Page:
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Confronting our inhumanity

I regard death from disease, storms, earthquakes, accidents, and misadventures as an integral part of the natural order. Certainly sad for kith and kin, especially if life is cut short. But dying is integral to the process of birth and renewal. I have far fewer years ahead of me than I have lived and the inevitability of my demise holds no terrors.

Death from a policeman’s brutal boot deliberately placed on a helpless neck shakes me to the core. It destroys not just a particular life but savages what we value about living, what we believe makes humans and human civilization special.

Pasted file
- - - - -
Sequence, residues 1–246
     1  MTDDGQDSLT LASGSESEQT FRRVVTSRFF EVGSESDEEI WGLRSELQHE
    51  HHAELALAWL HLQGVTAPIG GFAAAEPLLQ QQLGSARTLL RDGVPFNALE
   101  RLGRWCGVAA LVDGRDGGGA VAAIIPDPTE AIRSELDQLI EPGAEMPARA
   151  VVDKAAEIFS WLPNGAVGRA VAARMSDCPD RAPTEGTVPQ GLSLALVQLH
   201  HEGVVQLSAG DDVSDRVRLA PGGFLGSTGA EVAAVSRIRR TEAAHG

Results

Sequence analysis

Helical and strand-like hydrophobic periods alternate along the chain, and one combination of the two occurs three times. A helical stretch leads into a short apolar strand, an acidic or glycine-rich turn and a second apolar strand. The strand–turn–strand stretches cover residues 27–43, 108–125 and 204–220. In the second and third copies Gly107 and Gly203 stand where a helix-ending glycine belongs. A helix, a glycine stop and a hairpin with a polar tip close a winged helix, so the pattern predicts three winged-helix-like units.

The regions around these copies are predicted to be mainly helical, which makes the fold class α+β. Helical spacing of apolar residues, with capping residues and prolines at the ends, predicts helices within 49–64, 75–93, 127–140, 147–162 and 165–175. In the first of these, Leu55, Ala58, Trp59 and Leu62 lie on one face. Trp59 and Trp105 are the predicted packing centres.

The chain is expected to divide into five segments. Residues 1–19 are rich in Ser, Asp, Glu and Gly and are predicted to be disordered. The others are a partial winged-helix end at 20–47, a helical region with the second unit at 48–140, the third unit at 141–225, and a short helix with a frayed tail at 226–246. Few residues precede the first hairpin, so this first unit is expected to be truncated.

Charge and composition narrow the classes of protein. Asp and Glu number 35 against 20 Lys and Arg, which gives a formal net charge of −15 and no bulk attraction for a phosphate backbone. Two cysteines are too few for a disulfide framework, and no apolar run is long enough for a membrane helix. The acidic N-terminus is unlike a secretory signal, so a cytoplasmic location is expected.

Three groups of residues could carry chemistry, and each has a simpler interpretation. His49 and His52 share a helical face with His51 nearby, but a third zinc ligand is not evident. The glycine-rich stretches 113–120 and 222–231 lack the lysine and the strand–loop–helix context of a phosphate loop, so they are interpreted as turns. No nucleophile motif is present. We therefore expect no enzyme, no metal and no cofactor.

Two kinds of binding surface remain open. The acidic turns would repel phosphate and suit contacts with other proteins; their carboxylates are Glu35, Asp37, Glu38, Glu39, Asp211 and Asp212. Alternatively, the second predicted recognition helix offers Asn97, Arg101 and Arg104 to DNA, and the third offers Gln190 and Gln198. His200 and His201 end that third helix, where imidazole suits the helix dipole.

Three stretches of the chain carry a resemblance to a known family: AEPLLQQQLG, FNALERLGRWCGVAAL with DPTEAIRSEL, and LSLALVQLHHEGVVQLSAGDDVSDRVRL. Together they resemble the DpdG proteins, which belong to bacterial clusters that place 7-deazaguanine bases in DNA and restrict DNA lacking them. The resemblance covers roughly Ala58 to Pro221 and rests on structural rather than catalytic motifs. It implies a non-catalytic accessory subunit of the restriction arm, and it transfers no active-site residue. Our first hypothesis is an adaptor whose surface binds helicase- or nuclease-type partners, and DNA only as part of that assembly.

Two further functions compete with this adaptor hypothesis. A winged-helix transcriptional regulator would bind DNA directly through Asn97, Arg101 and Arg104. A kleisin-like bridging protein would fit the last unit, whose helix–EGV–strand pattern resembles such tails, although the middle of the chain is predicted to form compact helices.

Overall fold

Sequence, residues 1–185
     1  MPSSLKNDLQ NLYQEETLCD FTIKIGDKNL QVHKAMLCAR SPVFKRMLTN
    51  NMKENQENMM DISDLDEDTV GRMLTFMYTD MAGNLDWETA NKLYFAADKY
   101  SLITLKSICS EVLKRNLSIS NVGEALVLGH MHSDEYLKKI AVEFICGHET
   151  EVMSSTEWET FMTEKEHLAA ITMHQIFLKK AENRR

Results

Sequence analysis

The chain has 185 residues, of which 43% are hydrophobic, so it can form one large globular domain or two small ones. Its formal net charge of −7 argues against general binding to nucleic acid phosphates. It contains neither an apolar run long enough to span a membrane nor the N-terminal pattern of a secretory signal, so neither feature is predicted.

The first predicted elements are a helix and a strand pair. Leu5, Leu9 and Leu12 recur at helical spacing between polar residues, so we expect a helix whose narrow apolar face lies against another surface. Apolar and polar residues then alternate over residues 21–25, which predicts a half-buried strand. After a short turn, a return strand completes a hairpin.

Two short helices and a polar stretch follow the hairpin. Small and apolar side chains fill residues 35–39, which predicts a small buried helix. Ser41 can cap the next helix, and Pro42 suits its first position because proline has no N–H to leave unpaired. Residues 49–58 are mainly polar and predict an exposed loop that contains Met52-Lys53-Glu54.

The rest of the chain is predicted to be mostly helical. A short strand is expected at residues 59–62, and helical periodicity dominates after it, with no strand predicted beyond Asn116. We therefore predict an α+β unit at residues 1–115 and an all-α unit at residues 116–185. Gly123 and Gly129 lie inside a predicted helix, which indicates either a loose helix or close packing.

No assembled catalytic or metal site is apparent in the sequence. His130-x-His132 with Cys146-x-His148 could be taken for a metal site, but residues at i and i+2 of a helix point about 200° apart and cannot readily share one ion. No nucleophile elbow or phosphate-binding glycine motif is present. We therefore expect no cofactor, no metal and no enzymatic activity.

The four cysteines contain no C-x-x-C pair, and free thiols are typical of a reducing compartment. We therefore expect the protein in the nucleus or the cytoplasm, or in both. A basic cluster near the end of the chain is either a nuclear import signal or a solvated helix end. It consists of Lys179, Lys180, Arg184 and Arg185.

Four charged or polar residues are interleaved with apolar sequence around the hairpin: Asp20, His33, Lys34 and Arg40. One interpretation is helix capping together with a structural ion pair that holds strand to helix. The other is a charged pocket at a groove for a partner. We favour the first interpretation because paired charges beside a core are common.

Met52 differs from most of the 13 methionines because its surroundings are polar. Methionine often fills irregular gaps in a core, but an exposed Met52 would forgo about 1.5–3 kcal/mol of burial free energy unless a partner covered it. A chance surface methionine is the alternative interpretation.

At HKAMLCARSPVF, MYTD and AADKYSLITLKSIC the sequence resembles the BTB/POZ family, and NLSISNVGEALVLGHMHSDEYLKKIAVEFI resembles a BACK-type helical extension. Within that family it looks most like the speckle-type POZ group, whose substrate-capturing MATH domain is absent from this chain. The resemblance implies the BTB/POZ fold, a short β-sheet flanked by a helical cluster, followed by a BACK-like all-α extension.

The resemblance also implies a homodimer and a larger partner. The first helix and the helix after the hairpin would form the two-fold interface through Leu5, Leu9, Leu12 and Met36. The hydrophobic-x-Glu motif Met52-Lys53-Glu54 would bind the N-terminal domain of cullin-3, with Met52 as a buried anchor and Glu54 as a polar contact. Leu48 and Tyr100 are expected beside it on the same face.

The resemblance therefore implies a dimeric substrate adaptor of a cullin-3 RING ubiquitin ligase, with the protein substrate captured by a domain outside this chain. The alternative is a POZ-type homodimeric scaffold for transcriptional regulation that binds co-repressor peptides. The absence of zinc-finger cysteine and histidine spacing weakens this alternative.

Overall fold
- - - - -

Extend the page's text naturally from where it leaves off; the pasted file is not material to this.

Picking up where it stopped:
And how could this happen in Minnesota, the bluest of blue states, renowned for its neighborliness and generosity to strangers near and far? Montgomery maybe. But Minneapolis?

But then I remember: today’s kindly Minnesotans descend from settlers who massacred Native American tribes, who in turn did not flinch from scalping enemies. I think of the brutality of Buddhist monks in Myanmar and Sri Lanka, Christian wars of religion and burnings at the stake, Hindu pogroms, ISIS cleansings ….

Perhaps our humanity is really only a flimsy facade. Perhaps, perish the horrifying thought, humans are worse than animals who kill for food.

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